As a rookie GM, Ryan Poles doesn’t have a hard act to follow in draft

The Bears’ new general manager doesn’t have a first-round pick — and maybe it’s just as well. Previous rookie personnel bosses struck out on their first pick and had better luck later in the draft — acquiring Olin Kreutz, Alex Brown, Alshon Jeffery and Eddie Goldman.

SHARE As a rookie GM, Ryan Poles doesn’t have a hard act to follow in draft
Wide receiver Kevin White, who was Ryan Pace’s first draft pick as Bears’ general manager in 2015, played just 14 games in four seasons with the Bears because of multiple injuries.

Wide receiver Kevin White was Ryan Pace’s first draft pick as Bears general manager in 2015.

Nam Huh/AP

Curtis Enis. Marc Colombo. Shea McClellin. Kevin White.

Ryan Poles has a low bar to clear with his first draft pick as the Bears’ general manager. From Mark Hatley to Jerry Angelo to Phil Emery to Ryan Pace, first-time Bears personnel executives (Hatley was vice president of player personnel, the others were general managers) have not had much luck with their initial draft pick.

The great Jim Finks set the standard for the post-Halas era in his first Bears draft in 1975, when he took Jackson State running back Walter Payton with the fourth overall pick. He was so convinced Payton was a future star that he acknowledged he would have taken Payton first overall — ahead of Cal quarterback Steve Bartkowski — if he had the No. 1 pick. But Finks by then was a seasoned general manager who had built the Vikings’ Super Bowl teams with several successful drafts. The others were in the hot seat for the first time.

Talk about immediate impact, Finks’ first draft was a gold mine compared to the previous drafts under the Halases and player personnel director Bobby Walston since the glorious Dick Butkus-Gale Sayers draft of 1965.

With Payton the obvious featured attraction, Finks drafted eight players who would start on the Bears’ 1977 playoff team, which was a huge deal at the time. The Bears were 24-59-1 in the six seasons before Finks was hired and had not been to the playoffs since winning the 1963 NFL championship.

It was a 17-round draft in those days, but Finks “hit” on his first six picks: Payton, defensive end Mike Hartenstine, cornerback Virgil Livers, guard Revie Sorey, quarterback Bob Avellini and linebacker Tom Hicks. He also took safety Doug Plank in the 12th round and fullback Roland Harper in the 17th. And defensive tackle Roger Stilwell, taken in the ninth round, was a two-year starter who was in the tackle rotation on that 1977 team until a career-ending knee injury in Week 5.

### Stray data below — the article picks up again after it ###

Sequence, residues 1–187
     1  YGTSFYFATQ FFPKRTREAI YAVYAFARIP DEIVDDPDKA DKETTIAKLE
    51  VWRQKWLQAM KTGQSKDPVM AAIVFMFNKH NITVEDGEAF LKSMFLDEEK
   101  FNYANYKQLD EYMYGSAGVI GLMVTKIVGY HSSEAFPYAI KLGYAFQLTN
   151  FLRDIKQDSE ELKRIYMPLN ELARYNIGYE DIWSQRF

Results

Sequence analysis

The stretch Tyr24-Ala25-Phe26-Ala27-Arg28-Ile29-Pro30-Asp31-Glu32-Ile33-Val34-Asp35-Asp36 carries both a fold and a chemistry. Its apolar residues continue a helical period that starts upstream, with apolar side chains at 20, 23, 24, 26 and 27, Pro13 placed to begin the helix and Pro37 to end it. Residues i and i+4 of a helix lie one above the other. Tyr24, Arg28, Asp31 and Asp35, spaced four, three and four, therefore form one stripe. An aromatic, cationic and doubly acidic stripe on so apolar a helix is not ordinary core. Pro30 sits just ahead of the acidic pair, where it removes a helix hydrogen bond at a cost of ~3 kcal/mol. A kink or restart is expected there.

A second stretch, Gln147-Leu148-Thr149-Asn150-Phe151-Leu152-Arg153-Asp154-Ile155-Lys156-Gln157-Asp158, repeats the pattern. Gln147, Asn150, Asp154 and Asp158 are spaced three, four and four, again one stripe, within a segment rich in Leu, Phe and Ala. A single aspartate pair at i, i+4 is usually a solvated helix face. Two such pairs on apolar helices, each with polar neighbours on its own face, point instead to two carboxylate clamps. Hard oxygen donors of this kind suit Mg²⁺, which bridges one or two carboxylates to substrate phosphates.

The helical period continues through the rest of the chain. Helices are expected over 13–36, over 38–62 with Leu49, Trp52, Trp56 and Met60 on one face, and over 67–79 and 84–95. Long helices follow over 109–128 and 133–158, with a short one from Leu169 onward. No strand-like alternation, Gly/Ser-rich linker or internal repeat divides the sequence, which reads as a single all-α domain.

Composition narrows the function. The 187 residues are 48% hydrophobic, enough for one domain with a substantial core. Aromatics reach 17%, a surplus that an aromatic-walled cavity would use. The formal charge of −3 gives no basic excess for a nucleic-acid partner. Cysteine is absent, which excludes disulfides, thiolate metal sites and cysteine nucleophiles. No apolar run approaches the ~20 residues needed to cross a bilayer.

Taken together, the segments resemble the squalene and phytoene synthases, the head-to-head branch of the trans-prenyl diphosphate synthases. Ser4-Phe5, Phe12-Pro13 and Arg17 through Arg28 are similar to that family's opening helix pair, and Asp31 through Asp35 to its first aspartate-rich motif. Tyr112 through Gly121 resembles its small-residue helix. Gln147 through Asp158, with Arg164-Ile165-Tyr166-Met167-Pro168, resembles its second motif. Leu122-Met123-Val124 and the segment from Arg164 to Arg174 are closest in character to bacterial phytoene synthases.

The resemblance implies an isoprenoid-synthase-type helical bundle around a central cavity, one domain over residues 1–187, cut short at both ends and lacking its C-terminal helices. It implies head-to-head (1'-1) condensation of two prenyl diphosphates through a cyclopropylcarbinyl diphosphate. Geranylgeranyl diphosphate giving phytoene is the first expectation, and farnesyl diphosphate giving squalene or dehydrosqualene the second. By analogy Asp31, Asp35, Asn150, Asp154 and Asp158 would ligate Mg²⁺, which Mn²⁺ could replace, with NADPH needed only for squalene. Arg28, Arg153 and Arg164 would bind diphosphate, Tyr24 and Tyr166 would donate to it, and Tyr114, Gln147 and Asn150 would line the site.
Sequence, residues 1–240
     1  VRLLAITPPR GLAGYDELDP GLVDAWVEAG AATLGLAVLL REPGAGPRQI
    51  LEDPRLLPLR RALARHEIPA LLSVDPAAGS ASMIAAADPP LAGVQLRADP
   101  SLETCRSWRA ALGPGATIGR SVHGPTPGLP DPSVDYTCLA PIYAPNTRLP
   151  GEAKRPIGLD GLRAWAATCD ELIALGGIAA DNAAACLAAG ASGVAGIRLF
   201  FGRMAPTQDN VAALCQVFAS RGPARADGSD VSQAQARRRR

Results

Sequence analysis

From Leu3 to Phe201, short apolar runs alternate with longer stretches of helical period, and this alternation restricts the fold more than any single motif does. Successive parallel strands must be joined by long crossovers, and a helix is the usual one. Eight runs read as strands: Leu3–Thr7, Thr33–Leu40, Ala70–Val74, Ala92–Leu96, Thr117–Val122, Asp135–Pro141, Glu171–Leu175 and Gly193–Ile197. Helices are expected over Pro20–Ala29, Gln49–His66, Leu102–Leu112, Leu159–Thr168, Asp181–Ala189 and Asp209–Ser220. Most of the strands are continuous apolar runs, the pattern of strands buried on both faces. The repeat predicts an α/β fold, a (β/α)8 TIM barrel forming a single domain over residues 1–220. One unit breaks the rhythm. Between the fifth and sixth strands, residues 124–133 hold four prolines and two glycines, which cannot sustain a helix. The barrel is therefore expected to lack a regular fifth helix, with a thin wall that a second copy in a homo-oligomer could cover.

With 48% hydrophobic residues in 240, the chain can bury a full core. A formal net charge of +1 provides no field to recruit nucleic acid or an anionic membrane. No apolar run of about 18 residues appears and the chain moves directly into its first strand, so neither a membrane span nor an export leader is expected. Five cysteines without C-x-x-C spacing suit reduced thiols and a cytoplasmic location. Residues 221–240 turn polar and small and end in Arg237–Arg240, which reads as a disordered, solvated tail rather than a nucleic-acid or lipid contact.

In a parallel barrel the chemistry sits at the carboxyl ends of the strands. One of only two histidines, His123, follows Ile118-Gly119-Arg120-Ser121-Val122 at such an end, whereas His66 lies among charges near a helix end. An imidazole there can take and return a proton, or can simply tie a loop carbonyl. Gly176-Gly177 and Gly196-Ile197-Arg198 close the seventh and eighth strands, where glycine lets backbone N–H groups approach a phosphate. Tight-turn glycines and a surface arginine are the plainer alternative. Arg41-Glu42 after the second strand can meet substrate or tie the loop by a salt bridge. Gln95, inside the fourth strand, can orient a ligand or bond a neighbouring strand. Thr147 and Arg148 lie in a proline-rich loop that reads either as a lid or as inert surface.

Most of those names might not resonate with Bears fans of this era, but they helped lay a foundation for a rebuild that culminated with the dominant 1985 Super Bowl championship team. Both Payton and Hartenstine played in Super Bowl XX.

By then, Finks was gone — off to the Cubs as team president in 1983 and the Saints as general manager in 1986 after resigning as Bears GM following a fractured relationship with George Halas.

Those who have followed Finks have struggled to live up to his standard. Hatley was the first to have ultimate authority over the draft when he was hired as vice president of player personnel in 1997. Jerry Angelo was hired as general manager in 2001, followed by Emery in 2012, Pace in 2015 and Poles in January.

Their initial drafts were underwhelming.

  • In 1998, Hatley had the fifth overall pick and chose Penn State running back Curtis Enis over Marshall wide receiver Randy Moss. He acknowledged Moss’ character issues because of incidents in college, but as it turned out Enis had his own character and maturity issues and lasted just three seasons.

Hatley also drafted center Olin Kreutz, safety Tony Parrish and long-snapper Pat Mannelly that year, but Enis over Moss overshadowed those successes.

  • In 2002, Angelo drafted Boston College offensive tackle Marc Colombo with the 29th overall pick. Colombo became a starter by Week 6, but suffered a dislocated kneecap and damaged his femoral nerve and played just 14 more games for the Bears before being released in 2005.

Angelo also drafted defensive end Alex Brown in the fourth round in that draft.

  • In 2012, Emery pulled a surprise and drafted Boise State defensive end Shea McClellin with the 19th overall pick — ahead of Syracuse defensive end Chandler Jones among other pass rushers. McClellin played for three different coaches in his four seasons and while productive never lived up to his draft status.

Emery’s best pick that first year was South Carolina wide receiver Alshon Jeffery in the second round.

  • In 2015, Pace drafted West Virginia wide receiver Kevin White — after the Raiders took Alabama’s Amari Cooper three picks earlier. White suffered a mysterious stress fracture during the offseason program missed his entire rookie season. White suffered injuries the following two seasons and played just 14 games in his four years before he was cut.

Pace had better success with defensive tackle Eddie Goldman in the second round and safety Adrian Amos in the fifth round. But their production couldn’t make up for the miss on White.

Poles doesn’t have a first-round pick — traded to the Giants by Pace last year to draft Justin Fields. But he has two second-round picks (39th and the 48th pick acquired from the Chargers for Khalil Mack), plus a third-round pick (No. 71), two fifth-round picks (No. 148 and No. 150) and one sixth-round pick (No. 186).

And like those who have preceded him at Halas Hall, this is his first draft as the boss. He’ll need to be better than his predecessors, but a little beginners luck wouldn’t hurt.

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